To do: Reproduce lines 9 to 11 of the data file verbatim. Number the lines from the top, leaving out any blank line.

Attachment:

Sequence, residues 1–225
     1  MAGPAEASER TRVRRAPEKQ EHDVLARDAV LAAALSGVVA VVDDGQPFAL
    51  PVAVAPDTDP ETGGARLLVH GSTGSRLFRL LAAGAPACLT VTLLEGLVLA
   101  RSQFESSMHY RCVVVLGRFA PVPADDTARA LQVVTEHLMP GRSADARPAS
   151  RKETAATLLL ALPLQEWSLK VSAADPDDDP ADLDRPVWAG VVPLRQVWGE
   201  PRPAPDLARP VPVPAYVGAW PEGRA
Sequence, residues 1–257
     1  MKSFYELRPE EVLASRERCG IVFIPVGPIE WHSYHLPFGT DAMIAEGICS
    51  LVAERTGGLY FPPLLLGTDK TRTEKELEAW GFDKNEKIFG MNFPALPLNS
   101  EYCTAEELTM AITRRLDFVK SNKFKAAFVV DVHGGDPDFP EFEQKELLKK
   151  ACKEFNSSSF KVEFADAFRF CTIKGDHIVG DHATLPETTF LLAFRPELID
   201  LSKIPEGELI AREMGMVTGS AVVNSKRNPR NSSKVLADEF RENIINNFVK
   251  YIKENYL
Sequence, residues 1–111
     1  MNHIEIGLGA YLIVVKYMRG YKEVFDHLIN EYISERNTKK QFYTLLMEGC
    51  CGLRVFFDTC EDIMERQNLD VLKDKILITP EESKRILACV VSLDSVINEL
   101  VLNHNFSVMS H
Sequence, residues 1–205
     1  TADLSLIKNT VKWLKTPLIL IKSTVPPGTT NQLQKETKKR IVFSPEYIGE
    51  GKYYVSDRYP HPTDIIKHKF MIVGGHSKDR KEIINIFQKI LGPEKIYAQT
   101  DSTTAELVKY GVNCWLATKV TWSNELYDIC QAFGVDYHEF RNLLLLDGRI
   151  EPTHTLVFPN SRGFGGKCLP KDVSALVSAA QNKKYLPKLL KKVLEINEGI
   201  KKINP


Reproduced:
    51  LVAERTGGLY FPPLLLGTDK TRTEKELEAW GFDKNEKIFG MNFPALPLNS
   101  EYCTAEELTM AITRRLDFVK SNKFKAAFVV DVHGGDPDFP EFEQKELLKK
   151  ACKEFNSSSF KVEFADAFRF CTIKGDHIVG DHATLPETTF LLAFRPELID